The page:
If drop rates are known, statistics can be used to verify if the drop rates are correct. If so, it is possible to deduce further values the game does not provide, such as drop rates for engines or single cards. The closer the measured average frequency is to the official drop rates, the more precise the predictions for other drop rates will be.
The following chards show the statistical data collected by WikiProject Statistics for the abovementioned most common boxes during the 2019 Spring Update.
It can be seen that the values finally converge to the calculated weighted averages marked by the broken lines. The reason for the significant fluctuations between 1,800 and 2,400 cards is that at this point, a large amount of Optimal Shuffle Boxes and Random Boxes was opened which significantly increased the frequency of common cards at the expense of rare cards. Then a large amount of Ultra Boxes with their high drop rate of rare cards was opened which had the opposite effect.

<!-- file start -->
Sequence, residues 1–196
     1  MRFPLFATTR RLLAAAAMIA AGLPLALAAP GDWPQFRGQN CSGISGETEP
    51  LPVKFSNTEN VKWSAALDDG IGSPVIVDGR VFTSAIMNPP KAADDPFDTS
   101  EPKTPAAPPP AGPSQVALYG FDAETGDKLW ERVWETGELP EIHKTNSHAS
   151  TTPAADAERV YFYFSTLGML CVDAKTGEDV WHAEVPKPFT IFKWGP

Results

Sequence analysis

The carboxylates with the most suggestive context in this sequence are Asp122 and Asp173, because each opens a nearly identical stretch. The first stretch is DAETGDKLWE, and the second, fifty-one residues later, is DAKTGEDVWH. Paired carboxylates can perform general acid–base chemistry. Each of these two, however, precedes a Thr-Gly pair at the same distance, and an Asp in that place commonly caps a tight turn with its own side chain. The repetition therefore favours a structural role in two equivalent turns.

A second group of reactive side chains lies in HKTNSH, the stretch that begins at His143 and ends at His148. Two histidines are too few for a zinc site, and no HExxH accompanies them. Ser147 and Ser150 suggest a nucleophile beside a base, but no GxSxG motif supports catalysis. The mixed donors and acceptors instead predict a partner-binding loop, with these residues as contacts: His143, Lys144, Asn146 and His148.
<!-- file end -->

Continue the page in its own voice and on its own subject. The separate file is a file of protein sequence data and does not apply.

"Felt" drop rates
The game itself only provides scarce information about the content of Pro Kit Boxes and the underlying probabilities. Box infos with drop rates were only introduced with the Fall Out Boy Update in February 2018, and this still does not say anything about the probabilities of getting card types like engines or even single cards. This experience has lead to various beliefs among players, namely:
 "V8 and i4 Engine cards are so rare, they shouldn't be of common rarity."
 "V12 Engines are almost impossible to get."
 "Electric Engines are much more frequent than Serial Racing Engines; it is hard to believe that they have the same rarity."
The charts below show the distribution of engine cards obtained from the ten most common boxes during the Fast Lane Update and the 2019 Spring Update. The Champion Kit Box is not listed because it guarantees one V8 Engine per box which would distort the proportions.
Some seemingly irregular frequencies can be explained with game rules:
 The V12 MPI Engine and the i3 Engine are only granted by the Finish Line Box. During the Fast Lane Update, the box was also the only one to grant Hot Wheels Engines, so it is clear that these three engines are at the bottom of the charts despite their different rarity.